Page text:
+/- 9m2 antique French ceramic floor c.1915-1920
A beautifully designed antique French ceramic floor complete with its double border tiles, the tiles are reverse marked Manufacturers Ceramiques - Gare de Douzies Maubeuge and date from between 1915 and 1920. The ceramic is excellent and with a good slip. The motifs are ornate but the pattern is strongly geometrical and the palette is subtle with the motifs anchored on mid greys, burgundy, mustard and off-white.
The floor has cleaned very well and the tiles are in good condition revealing an appealing antique patina; some display small groutable chips but having removed years of old dirt, mortar and wax during the cleaning process the end result is a quality, heavy ceramic. A c.1.2m2 randomly selected section of the floor is shown in the photo gallery and being a highly fired ceramic tile the floor can be laid inside or outside of the home.
A handmade tile, produced in small batches, there are some variations in tile size (150mm / 151mm sq ) and tile thickness. As is evidenced in the photo gallery there are also subtle variations in the tones of the slip colour.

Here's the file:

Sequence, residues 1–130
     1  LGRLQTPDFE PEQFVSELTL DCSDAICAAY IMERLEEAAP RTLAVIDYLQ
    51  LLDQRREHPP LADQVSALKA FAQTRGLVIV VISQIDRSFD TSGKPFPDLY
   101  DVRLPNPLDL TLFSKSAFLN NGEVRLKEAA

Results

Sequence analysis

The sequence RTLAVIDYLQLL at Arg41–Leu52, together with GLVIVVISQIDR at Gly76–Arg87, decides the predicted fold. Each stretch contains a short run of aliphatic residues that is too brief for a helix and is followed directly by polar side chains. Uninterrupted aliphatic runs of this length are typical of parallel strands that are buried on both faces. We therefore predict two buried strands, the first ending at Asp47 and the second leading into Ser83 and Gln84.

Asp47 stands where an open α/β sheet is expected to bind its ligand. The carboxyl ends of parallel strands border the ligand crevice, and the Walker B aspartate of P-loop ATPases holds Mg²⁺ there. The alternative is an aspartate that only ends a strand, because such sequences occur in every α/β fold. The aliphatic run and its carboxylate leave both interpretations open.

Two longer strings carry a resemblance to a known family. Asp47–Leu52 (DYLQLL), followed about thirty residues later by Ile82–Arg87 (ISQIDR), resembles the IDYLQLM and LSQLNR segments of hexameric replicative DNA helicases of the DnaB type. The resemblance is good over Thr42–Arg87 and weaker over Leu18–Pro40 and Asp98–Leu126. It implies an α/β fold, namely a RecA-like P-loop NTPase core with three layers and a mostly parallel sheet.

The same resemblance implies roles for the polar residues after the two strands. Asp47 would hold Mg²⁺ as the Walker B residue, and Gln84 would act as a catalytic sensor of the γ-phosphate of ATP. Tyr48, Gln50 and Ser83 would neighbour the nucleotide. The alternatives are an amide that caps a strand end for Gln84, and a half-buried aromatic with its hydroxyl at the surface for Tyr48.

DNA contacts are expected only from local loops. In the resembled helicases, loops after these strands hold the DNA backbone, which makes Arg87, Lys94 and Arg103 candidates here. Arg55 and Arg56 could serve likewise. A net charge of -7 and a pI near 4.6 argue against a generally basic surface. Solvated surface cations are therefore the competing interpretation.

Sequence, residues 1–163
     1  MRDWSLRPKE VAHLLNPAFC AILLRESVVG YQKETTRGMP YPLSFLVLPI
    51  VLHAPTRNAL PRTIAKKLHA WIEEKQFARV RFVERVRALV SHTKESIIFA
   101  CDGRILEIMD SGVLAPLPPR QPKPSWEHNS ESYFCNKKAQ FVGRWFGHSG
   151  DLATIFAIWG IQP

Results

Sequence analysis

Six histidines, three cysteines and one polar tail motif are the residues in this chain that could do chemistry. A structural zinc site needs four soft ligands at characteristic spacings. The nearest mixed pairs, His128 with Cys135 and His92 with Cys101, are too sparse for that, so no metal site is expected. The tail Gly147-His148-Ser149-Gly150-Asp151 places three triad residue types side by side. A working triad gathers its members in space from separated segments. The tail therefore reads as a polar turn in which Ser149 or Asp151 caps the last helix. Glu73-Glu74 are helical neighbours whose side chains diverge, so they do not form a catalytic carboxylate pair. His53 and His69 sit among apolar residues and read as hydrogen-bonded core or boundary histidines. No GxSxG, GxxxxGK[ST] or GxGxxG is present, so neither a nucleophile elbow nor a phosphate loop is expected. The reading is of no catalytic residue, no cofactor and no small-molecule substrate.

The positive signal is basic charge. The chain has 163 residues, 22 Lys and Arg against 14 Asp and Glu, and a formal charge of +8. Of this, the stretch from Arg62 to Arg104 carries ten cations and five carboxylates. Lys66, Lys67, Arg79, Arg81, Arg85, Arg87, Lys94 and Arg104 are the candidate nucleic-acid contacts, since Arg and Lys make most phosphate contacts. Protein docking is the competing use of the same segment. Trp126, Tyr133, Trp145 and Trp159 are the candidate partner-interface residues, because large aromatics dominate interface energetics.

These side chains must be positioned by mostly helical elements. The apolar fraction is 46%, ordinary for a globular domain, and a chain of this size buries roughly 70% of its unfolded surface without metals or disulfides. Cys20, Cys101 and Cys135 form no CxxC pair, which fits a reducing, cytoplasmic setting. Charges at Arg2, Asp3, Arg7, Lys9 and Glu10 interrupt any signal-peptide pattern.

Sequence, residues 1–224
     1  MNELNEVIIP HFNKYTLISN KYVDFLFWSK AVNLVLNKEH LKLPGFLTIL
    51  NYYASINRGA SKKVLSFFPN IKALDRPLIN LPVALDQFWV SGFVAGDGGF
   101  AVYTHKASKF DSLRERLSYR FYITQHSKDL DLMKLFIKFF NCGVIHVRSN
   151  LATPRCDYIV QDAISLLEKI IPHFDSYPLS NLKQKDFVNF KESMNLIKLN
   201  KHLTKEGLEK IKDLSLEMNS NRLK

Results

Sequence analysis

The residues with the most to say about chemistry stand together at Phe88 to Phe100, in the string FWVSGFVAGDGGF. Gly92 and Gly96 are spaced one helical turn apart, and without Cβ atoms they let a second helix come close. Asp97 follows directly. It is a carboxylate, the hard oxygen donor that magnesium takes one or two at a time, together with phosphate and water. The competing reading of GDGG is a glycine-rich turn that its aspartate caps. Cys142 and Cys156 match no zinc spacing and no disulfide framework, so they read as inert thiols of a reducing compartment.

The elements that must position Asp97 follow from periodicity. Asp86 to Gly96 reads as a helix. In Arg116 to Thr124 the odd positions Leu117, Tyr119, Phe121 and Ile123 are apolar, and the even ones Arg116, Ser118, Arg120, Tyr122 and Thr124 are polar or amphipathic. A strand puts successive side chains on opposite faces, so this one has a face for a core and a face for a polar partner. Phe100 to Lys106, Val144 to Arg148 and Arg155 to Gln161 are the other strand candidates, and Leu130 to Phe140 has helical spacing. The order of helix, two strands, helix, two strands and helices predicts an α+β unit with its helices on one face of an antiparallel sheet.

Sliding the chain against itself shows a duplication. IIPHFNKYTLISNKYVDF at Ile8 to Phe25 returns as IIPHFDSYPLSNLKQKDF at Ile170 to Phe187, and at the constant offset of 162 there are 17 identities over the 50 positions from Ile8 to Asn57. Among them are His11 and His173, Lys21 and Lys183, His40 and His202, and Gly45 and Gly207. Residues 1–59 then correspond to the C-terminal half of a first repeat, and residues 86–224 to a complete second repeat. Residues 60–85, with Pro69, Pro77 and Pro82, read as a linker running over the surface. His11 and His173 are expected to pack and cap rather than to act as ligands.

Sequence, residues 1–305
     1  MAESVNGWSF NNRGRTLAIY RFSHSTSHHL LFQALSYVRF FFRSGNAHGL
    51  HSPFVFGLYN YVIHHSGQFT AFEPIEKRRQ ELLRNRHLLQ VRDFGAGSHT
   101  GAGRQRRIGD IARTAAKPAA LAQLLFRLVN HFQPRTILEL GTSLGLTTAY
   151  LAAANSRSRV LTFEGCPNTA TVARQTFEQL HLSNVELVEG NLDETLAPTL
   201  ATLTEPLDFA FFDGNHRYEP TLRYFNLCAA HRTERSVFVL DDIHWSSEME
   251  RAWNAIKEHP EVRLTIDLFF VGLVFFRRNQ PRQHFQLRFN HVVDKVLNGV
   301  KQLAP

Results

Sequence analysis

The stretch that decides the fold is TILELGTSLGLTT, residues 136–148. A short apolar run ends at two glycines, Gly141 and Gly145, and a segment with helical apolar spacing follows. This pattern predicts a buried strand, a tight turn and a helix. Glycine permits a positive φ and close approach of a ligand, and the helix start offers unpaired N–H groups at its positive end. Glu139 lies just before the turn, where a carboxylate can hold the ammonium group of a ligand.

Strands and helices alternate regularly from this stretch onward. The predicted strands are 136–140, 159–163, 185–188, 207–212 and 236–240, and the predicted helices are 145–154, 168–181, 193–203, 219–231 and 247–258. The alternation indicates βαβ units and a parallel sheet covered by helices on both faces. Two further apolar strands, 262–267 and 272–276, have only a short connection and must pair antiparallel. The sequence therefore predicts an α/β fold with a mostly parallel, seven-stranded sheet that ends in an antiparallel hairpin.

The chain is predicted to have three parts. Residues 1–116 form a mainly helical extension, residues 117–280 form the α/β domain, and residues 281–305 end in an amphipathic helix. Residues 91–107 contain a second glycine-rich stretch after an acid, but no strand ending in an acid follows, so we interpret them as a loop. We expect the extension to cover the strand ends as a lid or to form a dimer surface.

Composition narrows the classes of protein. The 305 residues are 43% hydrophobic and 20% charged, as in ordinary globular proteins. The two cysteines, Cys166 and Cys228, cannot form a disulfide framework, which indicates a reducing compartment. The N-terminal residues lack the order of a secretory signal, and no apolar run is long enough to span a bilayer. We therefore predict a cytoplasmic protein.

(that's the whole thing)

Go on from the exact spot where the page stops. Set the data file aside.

We will be happy to assist in evaluating the fit of the floor in your chosen space, without obligation.
Tile quantities, give or take one or two:-
FIELD - 330 tiles - 7.4m2 / 80 sq ft
LARGE BORDERS - 60 tiles plus 3 external* and 4 internal corners - 1.51m2 / 16.2 sq ft. or 10 linear metres single lay, 5 linear metres double lay
* one external border corner will require to be mitre cut if a back to back lay is desired.
Antique tiles were most commonly made in single or two tile moulds. Before current computer automation methods their moulds were made my hand and the colour slips mixed by eye. Kiln temperatures could also be variable, as could the firing time. The result is that often tiles display subtle size and thickness variations and there can be tonal variations in colours, owing to the slip mixing and/or firing time. All of this makes these handmade tiles unique and adds to their charm. Some floors display their subtle variations in size and tones, some not, but when photographing we always take a random section of the floor so that it is representative of the whole. A tiler should always dry lay a section of the tiles to familiarise himself with them before starting to fix lay.